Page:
While the authors provide beautiful images of SUMO1 immunolabeling in neurons cultured from WT, His6-HA-SUMO1 KI mice, and SUMO1 KO mice, in stark contrast to previous reports using rat cultures (Martin et al., 2007a; Konopacki et al., 2011; Gwizdek et al., 2013; Jaafari et al., 2013), they detect no specific synaptic SUMO1 immunoreactivity in neurons prepared from WT mice. We note, however, that the nuclear SUMO1 staining in neurons from His6-HA-SUMO1 KI mice is weak, and even weaker in WT neurons. Given that a very large proportion of SUMO1 staining is nuclear, these low detection levels would almost certainly rule out visualization of the far less abundant, but nonetheless functionally important, extranuclear SUMO1 immunoreactivity.

In Conclusion

Given these caveats, we suggest that the failure of Daniel et al. to detect synaptic protein SUMO1-ylation in His6-HA-SUMO1 KI mice is due to intrinsic deficiencies in this model system that prevent it from reporting the low, yet physiologically relevant, levels of synaptic protein modification by endogenous SUMO1. In consequence, we question the conclusions reached and the usefulness of this model for investigation of previously identified and novel SUMO1 substrates.

Author Contributions

KW and JH wrote the first draft. All other authors contributed ideas, writing and creative input into the generation of the final manuscript.

Conflict of Interest Statement

The authors declare that the research was conducted in the absence of any commercial or financial relationships that could be construed as a potential conflict of interest.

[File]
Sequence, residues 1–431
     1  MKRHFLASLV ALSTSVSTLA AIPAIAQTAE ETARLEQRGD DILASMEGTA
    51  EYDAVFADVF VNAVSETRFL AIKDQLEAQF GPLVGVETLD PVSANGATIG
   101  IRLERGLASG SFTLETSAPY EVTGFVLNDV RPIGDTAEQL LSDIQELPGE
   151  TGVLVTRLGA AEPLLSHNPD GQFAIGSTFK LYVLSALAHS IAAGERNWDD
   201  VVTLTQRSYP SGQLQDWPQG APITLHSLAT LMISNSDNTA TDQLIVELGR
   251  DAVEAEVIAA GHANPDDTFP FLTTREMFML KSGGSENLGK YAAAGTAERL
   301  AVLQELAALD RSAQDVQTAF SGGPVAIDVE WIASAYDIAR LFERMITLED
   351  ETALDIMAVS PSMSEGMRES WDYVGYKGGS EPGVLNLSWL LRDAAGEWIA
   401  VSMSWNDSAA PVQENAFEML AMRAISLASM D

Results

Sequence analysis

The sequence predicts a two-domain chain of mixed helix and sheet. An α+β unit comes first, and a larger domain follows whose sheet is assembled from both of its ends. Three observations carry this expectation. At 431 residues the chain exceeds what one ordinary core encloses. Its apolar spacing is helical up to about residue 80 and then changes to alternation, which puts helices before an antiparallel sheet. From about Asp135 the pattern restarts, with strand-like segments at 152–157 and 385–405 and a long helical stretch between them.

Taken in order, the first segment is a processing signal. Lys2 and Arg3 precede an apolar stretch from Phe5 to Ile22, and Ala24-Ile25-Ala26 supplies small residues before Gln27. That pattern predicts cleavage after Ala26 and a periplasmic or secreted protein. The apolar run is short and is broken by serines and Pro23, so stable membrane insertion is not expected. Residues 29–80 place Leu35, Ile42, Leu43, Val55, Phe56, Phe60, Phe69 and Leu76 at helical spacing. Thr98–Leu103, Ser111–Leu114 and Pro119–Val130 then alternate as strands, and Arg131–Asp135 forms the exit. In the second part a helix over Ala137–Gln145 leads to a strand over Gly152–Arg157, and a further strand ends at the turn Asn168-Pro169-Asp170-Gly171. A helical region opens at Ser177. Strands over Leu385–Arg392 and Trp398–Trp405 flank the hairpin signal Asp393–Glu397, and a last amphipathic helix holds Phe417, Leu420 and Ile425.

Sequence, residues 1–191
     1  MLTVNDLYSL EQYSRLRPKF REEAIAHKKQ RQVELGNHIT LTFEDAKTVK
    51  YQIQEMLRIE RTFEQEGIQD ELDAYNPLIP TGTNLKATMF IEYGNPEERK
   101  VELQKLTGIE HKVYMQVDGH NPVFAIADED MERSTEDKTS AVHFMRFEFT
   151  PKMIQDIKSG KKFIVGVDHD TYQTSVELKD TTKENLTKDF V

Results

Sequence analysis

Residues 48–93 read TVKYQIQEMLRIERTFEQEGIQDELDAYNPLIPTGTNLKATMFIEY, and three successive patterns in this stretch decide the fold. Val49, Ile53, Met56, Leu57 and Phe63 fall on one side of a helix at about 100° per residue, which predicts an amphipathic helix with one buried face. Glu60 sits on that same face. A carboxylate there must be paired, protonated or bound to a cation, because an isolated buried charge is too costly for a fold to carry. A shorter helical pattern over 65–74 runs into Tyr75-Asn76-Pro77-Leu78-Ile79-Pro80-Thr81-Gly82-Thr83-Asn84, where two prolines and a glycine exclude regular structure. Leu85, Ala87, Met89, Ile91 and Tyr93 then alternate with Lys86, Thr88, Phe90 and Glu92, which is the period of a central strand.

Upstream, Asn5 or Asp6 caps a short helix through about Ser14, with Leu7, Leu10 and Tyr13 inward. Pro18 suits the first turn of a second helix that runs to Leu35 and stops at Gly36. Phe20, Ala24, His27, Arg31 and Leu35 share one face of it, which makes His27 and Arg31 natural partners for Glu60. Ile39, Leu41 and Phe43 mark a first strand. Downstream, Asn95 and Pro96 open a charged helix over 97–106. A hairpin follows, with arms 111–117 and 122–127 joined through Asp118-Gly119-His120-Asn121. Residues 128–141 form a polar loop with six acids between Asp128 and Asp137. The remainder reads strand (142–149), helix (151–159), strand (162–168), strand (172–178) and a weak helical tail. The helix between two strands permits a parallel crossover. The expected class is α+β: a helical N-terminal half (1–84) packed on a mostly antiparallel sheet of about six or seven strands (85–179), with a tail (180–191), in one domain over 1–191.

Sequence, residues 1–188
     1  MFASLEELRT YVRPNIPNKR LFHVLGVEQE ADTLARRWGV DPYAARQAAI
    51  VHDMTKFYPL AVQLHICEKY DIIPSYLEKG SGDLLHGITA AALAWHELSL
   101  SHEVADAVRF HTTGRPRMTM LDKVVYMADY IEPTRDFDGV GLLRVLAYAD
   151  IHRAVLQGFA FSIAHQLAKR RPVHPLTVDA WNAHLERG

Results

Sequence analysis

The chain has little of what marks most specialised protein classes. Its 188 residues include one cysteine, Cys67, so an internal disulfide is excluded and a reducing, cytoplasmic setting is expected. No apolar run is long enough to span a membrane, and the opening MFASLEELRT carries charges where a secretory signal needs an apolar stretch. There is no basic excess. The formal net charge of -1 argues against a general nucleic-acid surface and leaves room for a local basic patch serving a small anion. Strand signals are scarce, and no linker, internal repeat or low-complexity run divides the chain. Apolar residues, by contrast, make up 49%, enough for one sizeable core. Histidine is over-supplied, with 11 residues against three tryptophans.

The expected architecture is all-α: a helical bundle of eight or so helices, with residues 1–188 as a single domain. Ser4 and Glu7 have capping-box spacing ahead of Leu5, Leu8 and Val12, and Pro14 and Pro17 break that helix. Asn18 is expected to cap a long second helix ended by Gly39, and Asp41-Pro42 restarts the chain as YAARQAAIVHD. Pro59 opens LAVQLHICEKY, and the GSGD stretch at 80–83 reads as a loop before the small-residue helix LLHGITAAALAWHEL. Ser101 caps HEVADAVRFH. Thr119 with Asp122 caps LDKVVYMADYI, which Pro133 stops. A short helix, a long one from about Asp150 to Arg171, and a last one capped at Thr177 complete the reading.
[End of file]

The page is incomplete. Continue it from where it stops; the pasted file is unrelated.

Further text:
Acknowledgments

We are grateful to the Medical Research Council (MR/L003791/1 to KW and JH), Parkinson's UK (G-1605 to KW and JH), the Biotechnology and Biological Sciences Research Council (BB/K014358 to TC and JH), the British Heart Foundation (PG/14/60/3101 to CG and JH), the Wellcome Trust (200581/Z/16/Z to TC), National Institutes of Health (NIH-NS049442 to OA), and the Canadian Institutes of Health Research (TAD-117950 to PF) for financial support. We thank Dr. Ruth Carmichael for commenting on the manuscript.

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Keywords: SUMO1, synapse, sumoylation, neurons, post-translational modification

Citation: Wilkinson KA, Martin S, Tyagarajan SK, Arancio O, Craig TJ, Guo C, Fraser PE, Goldstein SAN and Henley JM (2017) Commentary: Analysis of SUMO1-conjugation at synapses. Front. Cell. Neurosci. 11:345. doi: 10.3389/fncel.2017.00345

Received: 15 September 2017; Accepted: 16 October 2017;
Published: 30 October 2017.

Edited by:

Andrea Barberis, Fondazione Istituto Italiano di Technologia, Italy

Reviewed by:

Tija Jacob, University of Pittsburgh, United States

Copyright © 2017 Wilkinson, Martin, Tyagarajan, Arancio, Craig, Guo, Fraser, Goldstein and Henley. This is an open-access article distributed under the terms of the Creative Commons Attribution License (CC BY). The use, distribution or reproduction in other forums is permitted, provided the original author(s) or licensor are credited and that the original publication in this journal is cited, in accordance with accepted academic practice. No use, distribution or reproduction is permitted which does not comply with these terms.

*Correspondence: Kevin A. Wilkinson, kevin.wilkinson@bristol.ac.uk
Jeremy M. Henley, j.m.henley@bristol.ac.uk